Conversion to pellet heating – makes economic and ecological sense
Approximately 40,000 pellet heating systems were newly installed across the country in 2015 according to estimates. One of these can be found in Michael Elpe's yard in Recklinghausen. The 29-year old has converted. Consciously converted. The old oil stove was discarded. Instead of fossil fuels, Elpe now uses sustainable raw materials.
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- Two people who have a burning interest in environmental protection and look forward to using a new pellet heating system: Michael Elpe and his son, Anton.
Anton can hardly wait. The four-year old child finally wants to shake the first wooden pellets into the silo together with his father, Michael Elpe. The fitters just have to fit the final handles. Shortly afterwards, both father and son tear open a 15 kilogram sack of pellets, and let them trickle into the container. The new pellet heating system is now ready to use. “Pellets are an indigenous product and CO2 neutral,” he says – from both personal conviction and also as a pellets salesman. Elpe is active with Raiffeisen Bio-Brennstoffe GmbH . The associated company belonging to AGRAVIS Raiffeisen AG sells this fuel under the “RPellets” brand name.
450 square metres of living space are heated in a cost-effective manner.
The pellet stove in Elpe's house has an output of 20 kW. The weekly storage silo holds 120 kilograms of pellets . At full load, this quantity would last for 30 hours. “We’re starting with filling up the weekly storage silo by hand,” says Michael Elpe. The attic space above the threshing floor provides enough space to set up a larger pellet store at a later time and to modify the system so that it is automatically filled up. This decision does not have to be made in haste. This is because the pellet heating system is not the only source of heat at Elpe's farm, which houses two generations of the family. A wood-burning stove with water chamber and a solar tube collector on the roof are the other two components. “Compared to the oil heater, an innovative control system means that all three systems are optimally coordinated with each other,” explains Jürgen Drobnitza. The certified energy consultant designed the system for Michael Elpe. A living space of 450 square metres isn't just kept warm without any issues, but is also heated in a cost-effective manner. “Due to the intelligent control system the need for pellets will drop by approximately 10 to 20 percent,” reports the host. In addition, the greater efficiency of the system is complemented by its longer running time.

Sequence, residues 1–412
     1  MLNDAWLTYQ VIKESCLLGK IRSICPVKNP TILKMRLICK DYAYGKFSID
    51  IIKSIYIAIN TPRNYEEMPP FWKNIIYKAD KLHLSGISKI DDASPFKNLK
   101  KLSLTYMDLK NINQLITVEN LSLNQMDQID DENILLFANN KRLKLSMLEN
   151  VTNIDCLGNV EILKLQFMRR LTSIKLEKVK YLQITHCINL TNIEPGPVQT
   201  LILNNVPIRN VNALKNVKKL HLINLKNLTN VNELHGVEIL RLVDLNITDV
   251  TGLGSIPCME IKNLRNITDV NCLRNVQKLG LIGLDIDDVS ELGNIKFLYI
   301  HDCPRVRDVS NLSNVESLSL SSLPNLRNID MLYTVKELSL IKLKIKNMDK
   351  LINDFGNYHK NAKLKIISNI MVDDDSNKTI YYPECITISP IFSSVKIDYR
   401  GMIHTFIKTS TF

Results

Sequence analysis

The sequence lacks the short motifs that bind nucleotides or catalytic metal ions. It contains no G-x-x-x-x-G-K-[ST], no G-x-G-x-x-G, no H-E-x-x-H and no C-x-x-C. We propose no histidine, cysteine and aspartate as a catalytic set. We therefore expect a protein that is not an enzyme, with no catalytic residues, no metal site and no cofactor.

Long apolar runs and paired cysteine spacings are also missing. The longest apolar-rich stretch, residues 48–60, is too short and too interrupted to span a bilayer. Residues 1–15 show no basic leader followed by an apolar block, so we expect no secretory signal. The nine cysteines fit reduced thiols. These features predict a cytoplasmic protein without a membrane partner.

From an economic perspective, a pellet heating system is very attractive.
However, is a pellet heating system not more expensive than another form of heating technology? It goes without saying that Michael Elpe had pondered this idea for some time. He also admitted that he was sceptical for a long time regarding the costs. “I thought the investment total would have been higher.” However, from an economic perspective, a pellet heating system is actually very attractive. This is because from April 2015 onwards, government funding rates are considerably higher. Michael Elpe received a grant worth 5,500 euro. Deducting the grant from the overall investment total of 10,500 euro then this means the individual contribution was 5,000 euro. The kilowatt hour pellets remain attractive from a long-term economic perspective despite the oil price remaining low. When based on the oil prices as at the end of 2015, Elpe would have saved 842 euro on the running costs over the course of the year. That would be at a minimum, as lower consumption due to the intelligent heating control system is not taken into account. “This means the investment pays for itself quite quickly,” establishes Elpe in the face of this calculation. “And I also have a climate-neutral heating system for the next 15 to 20 years.” The maintenance, adds Jürgen Drobnitza, is no greater than that required for an oil heater. Also, no-one needs to worry about overly frequent disposal of ash taking place. “Pellets have an ash content of 0.7 percent as a maximum,” says Jürgen Drobnitza. He empties the container on his own system every few weeks and scatters the ashes across his garden. “That is excellent fertiliser.” Michael Elpe will probably be able to rely on the support of his son Anton with this task once again. “He certainly has a burning interest in the new heating system.”